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In Kalamazoo, a Promise Boosts School Enrollment

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In Kalamazoo, a Promise Boosts School Enrollment

Education

In Kalamazoo, a Promise Boosts School Enrollment

In Kalamazoo, a Promise Boosts School Enrollment

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  • <iframe src="https://www.npr.org/player/embed/6552216/6552236" width="100%" height="290" frameborder="0" scrolling="no" title="NPR embedded audio player">
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The Program's Rules

  • All students who graduate from Kalamazoo Public Schools, are residing in the district, and have been KPS students at least four continuous years are eligible for the scholarship.
  • To qualify, students must have graduated from a KPS high school; must be admitted to and enrolled in a public Michigan university or community college; make regular progress toward a degree or certification; maintain at least a 2.0 grade point average at the university. (If the GPA drops below 2.0 a student may be reinstated if he/she is able to bring their GPA back to at least a 2.0.); must complete a minimum of 12 credit hours per semester.
  • The program provides up to 4 years of tuition and mandatory fees.
  • Benefits are on a sliding scale, linked to the length of attendance in the Kalamazoo Public School system. (Those attending kindergarten through 12 grade receive 100 percent; those who only attend 10th through 12th grade don't qualify for the benefit.)

Source: Kalamazoo Public Schools

A bold, new experiment in southwestern Michigan is filling public-school classrooms and reshaping a community. The Kalamazoo Promise is an offer made by anonymous donors to help pay college tuition for high school seniors.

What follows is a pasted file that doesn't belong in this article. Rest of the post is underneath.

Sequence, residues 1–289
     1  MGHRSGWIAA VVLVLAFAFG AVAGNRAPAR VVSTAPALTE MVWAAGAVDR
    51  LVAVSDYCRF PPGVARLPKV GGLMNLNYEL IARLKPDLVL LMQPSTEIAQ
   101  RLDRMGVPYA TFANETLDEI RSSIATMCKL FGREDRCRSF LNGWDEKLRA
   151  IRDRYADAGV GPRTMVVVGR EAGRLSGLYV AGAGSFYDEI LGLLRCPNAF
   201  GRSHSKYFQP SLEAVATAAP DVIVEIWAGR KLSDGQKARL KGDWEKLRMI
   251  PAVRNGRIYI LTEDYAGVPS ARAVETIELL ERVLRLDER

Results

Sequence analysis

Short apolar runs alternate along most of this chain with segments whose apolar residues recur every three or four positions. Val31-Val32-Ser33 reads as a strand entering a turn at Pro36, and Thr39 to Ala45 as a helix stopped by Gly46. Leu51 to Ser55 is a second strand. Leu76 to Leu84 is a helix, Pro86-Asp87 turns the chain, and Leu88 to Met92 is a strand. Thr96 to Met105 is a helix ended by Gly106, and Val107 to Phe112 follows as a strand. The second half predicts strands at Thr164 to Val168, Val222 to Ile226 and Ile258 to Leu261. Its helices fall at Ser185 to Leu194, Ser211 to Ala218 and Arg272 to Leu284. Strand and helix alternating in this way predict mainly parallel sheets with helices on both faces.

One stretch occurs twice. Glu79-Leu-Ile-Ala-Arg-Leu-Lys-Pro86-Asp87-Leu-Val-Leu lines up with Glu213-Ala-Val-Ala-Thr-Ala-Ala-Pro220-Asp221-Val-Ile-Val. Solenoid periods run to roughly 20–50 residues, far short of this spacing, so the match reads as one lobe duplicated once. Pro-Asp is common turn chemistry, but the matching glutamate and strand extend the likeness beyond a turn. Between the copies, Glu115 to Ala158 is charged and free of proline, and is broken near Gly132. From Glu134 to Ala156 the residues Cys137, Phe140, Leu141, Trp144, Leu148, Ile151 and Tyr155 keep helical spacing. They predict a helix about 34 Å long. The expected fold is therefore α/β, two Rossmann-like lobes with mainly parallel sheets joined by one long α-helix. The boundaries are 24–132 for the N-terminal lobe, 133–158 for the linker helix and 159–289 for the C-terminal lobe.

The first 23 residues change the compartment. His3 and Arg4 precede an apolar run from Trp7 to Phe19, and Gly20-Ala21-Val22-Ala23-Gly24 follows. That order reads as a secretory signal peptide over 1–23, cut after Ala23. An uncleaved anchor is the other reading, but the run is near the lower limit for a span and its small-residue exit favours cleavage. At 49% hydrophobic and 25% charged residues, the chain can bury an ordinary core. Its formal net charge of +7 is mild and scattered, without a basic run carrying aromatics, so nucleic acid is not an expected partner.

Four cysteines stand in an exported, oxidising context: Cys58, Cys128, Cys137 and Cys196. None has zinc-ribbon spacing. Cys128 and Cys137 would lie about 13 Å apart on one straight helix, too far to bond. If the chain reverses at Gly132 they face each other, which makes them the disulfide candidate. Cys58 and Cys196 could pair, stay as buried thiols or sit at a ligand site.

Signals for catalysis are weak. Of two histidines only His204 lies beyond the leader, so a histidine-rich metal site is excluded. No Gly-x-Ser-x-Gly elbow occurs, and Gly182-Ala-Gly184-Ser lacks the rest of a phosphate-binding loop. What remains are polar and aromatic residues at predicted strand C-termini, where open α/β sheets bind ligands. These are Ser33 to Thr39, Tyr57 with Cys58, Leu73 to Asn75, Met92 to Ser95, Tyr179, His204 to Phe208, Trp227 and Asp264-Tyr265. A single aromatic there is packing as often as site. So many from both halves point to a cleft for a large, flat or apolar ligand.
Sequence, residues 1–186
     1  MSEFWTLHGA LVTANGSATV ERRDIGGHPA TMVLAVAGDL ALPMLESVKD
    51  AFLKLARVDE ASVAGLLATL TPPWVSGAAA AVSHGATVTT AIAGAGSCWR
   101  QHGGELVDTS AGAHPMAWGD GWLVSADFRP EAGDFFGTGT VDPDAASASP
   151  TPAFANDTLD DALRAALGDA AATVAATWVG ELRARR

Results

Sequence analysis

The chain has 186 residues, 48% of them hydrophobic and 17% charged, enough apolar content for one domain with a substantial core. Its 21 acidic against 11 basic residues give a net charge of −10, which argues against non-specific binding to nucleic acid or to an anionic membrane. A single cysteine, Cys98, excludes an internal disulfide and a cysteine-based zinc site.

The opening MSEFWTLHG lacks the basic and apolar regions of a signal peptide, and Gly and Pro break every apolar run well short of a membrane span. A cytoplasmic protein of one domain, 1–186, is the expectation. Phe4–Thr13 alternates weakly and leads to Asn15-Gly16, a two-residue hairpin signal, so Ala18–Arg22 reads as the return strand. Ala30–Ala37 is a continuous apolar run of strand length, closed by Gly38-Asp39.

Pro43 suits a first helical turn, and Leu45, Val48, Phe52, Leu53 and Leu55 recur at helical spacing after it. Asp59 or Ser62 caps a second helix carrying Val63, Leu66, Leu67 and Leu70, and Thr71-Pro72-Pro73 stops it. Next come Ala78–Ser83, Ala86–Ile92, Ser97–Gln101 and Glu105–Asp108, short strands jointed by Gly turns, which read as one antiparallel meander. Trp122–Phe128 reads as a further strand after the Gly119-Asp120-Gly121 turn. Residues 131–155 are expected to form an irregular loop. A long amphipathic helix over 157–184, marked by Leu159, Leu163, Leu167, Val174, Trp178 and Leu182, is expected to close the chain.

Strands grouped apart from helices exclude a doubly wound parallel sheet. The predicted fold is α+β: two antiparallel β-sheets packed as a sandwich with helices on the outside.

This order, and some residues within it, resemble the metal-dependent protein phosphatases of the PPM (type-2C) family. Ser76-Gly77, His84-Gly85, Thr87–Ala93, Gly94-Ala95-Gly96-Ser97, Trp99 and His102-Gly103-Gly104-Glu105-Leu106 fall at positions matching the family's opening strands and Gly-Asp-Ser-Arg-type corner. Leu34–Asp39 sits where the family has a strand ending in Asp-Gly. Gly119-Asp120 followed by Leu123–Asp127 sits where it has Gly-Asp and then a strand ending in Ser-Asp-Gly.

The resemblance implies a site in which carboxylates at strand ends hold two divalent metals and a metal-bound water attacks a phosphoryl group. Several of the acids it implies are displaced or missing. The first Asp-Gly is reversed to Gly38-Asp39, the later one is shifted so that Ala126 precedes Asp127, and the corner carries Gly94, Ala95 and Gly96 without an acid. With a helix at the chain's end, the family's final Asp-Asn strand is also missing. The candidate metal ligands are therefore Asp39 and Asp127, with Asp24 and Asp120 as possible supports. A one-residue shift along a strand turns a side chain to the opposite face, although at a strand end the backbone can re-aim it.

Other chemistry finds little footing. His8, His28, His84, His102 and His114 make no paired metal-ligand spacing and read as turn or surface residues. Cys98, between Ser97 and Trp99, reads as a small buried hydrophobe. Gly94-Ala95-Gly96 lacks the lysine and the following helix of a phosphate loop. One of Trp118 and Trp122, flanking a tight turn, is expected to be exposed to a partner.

But there's a string attached: Students must live in Kalamazoo. It's a condition that is adding new life to the city. Kaomi Goetz of Michigan Radio reports.

Denise Singson and her children moved from Honolulu to Kalamazoo, where they live in a modest and tidy apartment. The 39-year-old single mother and Toronto native says she was looking for somewhere more affordable to live.

Singson's mother saw an article about The Kalamazoo Promise, an ambitious scholarship program announced nearly a year ago, and suggested the move to Kalamazoo.

Anonymous donors are offering to pay college tuition at any Michigan university or community college for four years. Recipients only need to graduate in good standing from Kalamazoo Public Schools and live within the district.

Singson says she couldn't believe such an offer existed.

"It seemed too good to be true," she says. "That people would put forth monies for the kids' education. That's why I had to look at this further and find out what exactly is this? This doesn't make sensel it's not something you come by very often."

The Promise is giving a significant economic boost to this medium-sized town. Kalamazoo has suffered the loss of thousands of manufacturing jobs and the recent downsizing of drug manufacturer Pfizer.

The Promise is also helping a struggling urban school district that has faced two decades of cuts and declining enrollment. This fall, the district's classrooms have surged by nearly 1,000 new students, a 10 percent jump.

The burst in enrollment has created more than 30 teaching positions in the school district.

Kalamazoo Promise administrator Robert Jorth says he gets calls daily from families interested in moving into the district. New students have come from 30 states and nearly 65 communities in Michigan, he says.

While local economists say it's too soon to chart the economic effect of the Promise, there are already positive signs. Local Realtors say home sales are up 6 percent this year and prices are up an average of 7 percent.